Home' Australian Resources and Investment : September 2015 Contents VOLUME 9 NUMBER 3 • Australian Resources and Investment • 3
this year. But it is loss-making at current
nickel spot prices, and higher prices are
needed to advance its discoveries.
Key nickel stocks, such as Western
Areas, Sirius Resources, Independence
Group and minnows Panoramic
Resources and Mincor, have mostly
done a good job of transforming their
operations to deal with a lower nickel
price, and are strongly leveraged to any
Moreover, Independence Group's
proposed $1.8 billion acquisition
this year with Sirius, which has the
highly promising Nova nickel project,
suggests that it believes the metal is
close to turning.
But it all depends on the nickel price.
The current price, lower than most
forecasters imagined, is weighing heavily
on sentiment towards nickel stocks. The
prospect of even lower nickel prices, and
the material risk to company earnings,
is sidelining investors.
Nickel fell nine per cent in the second
quarter of 2015. In its commodity
commentary, the World Bank said:
'Nickel prices fell ... as LME inventories
continued to climb to record levels. Weak
demand from the stainless steel sector
(which consumes about 70 per cent of
the world's re ned nickel), higher-than-
expected production of nickel pig iron in
China, and destocking of re ned nickel
contributed to the price decline'.
The report added: 'Indonesia's ore
export ban in January 2014 -- instituted
to encourage domestic processing --
looks set to tighten the market by 2016.
China has been drawing on its sizable
inventories built before the Indonesian
ban, and has increased lower-grade
ore imports from the Philippines. Once
China's inventories are drawn, the
market is expected to tighten, as the
Philippines cannot fully replace the
losses from Indonesia'.
Contrarians who can stomach
short-term volatility in the nickel price,
and who have a long-term investment
horizon, could see forecasts of tightening
global supply as a signal to buy. With
nickel trading near 10-year lows, plenty
of analysts and industry observers say
that a recovery is in sight, although
many have been too early with that call.
The key question is whether the bulk
of the damage to the nickel price and
sentiment has been done, and if nickel,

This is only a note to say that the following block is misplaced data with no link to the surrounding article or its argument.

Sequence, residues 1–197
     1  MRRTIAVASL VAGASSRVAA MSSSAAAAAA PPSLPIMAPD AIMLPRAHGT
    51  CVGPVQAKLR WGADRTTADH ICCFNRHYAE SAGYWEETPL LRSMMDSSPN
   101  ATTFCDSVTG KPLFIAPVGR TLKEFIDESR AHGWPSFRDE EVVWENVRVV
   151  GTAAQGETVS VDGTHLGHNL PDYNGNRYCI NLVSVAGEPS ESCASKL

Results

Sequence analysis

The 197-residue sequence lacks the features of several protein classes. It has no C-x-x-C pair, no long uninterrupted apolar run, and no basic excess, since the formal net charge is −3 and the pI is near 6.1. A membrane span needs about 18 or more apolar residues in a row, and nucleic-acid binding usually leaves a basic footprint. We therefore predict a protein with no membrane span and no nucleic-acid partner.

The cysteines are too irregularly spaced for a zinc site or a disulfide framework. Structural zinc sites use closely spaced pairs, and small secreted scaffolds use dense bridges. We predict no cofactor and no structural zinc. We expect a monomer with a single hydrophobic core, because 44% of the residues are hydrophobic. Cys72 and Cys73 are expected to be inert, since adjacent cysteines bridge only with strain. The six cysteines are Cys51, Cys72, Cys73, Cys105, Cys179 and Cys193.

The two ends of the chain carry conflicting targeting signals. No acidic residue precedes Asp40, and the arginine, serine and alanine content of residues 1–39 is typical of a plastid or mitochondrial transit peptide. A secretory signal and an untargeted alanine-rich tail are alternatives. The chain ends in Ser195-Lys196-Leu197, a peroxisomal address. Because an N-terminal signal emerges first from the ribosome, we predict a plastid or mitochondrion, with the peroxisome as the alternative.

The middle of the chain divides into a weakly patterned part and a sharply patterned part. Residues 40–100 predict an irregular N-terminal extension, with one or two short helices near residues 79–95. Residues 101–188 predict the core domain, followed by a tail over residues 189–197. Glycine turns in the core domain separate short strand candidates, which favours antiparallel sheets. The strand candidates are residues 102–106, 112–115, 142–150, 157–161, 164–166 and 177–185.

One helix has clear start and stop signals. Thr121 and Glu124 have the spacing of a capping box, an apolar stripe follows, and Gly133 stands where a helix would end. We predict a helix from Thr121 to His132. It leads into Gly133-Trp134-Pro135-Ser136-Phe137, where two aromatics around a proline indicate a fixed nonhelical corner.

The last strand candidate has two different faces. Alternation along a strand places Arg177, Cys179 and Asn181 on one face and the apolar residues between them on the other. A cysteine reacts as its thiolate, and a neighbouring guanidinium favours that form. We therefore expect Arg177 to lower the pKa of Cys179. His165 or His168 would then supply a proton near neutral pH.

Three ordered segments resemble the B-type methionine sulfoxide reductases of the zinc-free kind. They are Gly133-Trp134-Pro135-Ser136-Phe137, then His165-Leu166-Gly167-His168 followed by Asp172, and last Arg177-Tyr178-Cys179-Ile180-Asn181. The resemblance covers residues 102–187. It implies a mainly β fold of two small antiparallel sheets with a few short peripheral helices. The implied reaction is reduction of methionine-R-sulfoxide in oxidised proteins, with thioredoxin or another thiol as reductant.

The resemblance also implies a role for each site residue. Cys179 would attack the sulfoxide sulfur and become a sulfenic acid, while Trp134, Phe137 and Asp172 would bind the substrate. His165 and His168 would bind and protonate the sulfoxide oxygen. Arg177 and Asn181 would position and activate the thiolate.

among the rst commodities to be hit in
the downturn, will be among the rst to
recover as demand improves and supply
Solid expected demand growth in
stainless steel, nickel's largest demand
driver, should support higher nickel prices
over the next ve years, while Indonesia's
transition from an export supplier of ores
to a nickel pig iron producer boosts the
supply case for nickel.
Moreover, base metals appear to have
better medium-term price prospects
than many other commodities.
Respected commodity forecaster CRU
expects base metal prices to lead a
broad commodity-price increase by
2019, with nickel near the top of the list.
As medium-term outlook improves,
short-term nickel forecasts are
The upturn in base metal prices in the
second quarter of 2015 was short-lived.
The consensus view was that nickel
stockpiles in China, a consequence of
the Indonesian export ban, had been
depleted and would support a higher
price. So far, that has not been the case,
and expectations that the nickel price is
about to turn higher have been dashed.
Nickel fell ve per cent in a day in
June, after bad economic and political
news from China and Greece spilled over
into commodity prices, and intensi ed
selling of resource stocks. Nickel was
down more than 30 per cent year to date
as Australian Resources & Investment
went to press.
Nickel brie y hit US$4.78 per pound
as the correction in Chinese shares
and fears about a Greek debt default
peaked in early July -- an incredible fall
from about US$13 per pound in early
2011. As global macroeconomic fears
subsided, nickel bounced to US$5.03 by
Prolonged nickel-price weakness
is confounding the experts. In June
investment bank UBS, forecast nickel
to hit US$8 per pound in 2016, and
most forecasters expect a considerably
higher nickel price in the next two years,
but ongoing price falls this year have
tempered their enthusiasm.
Goldman Sachs also sees nickel
prices rising by year's end, but has
lowered its forecasts. In a July report,
Goldman analysts wrote: 'We expect
supply curtailments and a modest
improvement in demand growth... nickel
has generally disappointed the market's
and our expectations for higher prices
over the past 12 months'.
Macquarie Group downgraded its
base metal price forecasts in late July
because of a lack of 'near-term catalysts'
to trigger a return to previous price
levels, and 'mediocre fundamentals'.
Macquarie had previously forecast
a US$8.05 nickel price in 2016, rising
to $US9.75 in 2017, and US$10.66 a
year later. It revised its 2016 forecast to
US$6.58, marginally lowered its 2017
forecast, and kept its 2018 and 2019
forecasts for nickel unchanged.
That led to signi cant cuts in
forecasts, for ASX-listed nickel stocks,
but the effect on pro ts for nickel
miners was more modest compared with
commodity-price revisions in copper,
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